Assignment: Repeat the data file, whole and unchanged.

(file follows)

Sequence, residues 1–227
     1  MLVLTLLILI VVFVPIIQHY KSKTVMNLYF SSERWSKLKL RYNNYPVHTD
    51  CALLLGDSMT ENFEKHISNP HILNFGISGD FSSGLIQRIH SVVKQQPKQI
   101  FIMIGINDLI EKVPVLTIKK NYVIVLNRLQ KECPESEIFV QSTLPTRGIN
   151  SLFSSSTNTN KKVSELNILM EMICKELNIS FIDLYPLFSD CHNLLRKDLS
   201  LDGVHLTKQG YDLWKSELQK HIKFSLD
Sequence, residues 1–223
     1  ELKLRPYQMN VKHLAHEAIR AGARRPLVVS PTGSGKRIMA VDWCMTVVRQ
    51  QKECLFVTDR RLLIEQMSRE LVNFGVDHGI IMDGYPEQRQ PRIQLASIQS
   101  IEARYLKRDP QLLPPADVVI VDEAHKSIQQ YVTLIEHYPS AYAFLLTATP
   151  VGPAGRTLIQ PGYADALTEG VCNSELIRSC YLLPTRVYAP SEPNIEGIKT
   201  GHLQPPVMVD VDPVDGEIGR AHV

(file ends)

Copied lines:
Sequence, residues 1–227
     1  MLVLTLLILI VVFVPIIQHY KSKTVMNLYF SSERWSKLKL RYNNYPVHTD
    51  CALLLGDSMT ENFEKHISNP HILNFGISGD FSSGLIQRIH SVVKQQPKQI
   101  FIMIGINDLI EKVPVLTIKK NYVIVLNRLQ KECPESEIFV QSTLPTRGIN
   151  SLFSSSTNTN KKVSELNILM EMICKELNIS FIDLYPLFSD CHNLLRKDLS
   201  LDGVHLTKQG YDLWKSELQK HIKFSLD
Sequence, residues 1–223
     1  ELKLRPYQMN VKHLAHEAIR AGARRPLVVS PTGSGKRIMA VDWCMTVVRQ
    51  QKECLFVTDR RLLIEQMSRE LVNFGVDHGI IMDGYPEQRQ PRIQLASIQS
   101  IEARYLKRDP QLLPPADVVI VDEAHKSIQQ YVTLIEHYPS AYAFLLTATP
   151  VGPAGRTLIQ PGYADALTEG VCNSELIRSC YLLPTRVYAP SEPNIEGIKT
   201  GHLQPPVMVD VDPVDGEIGR AHV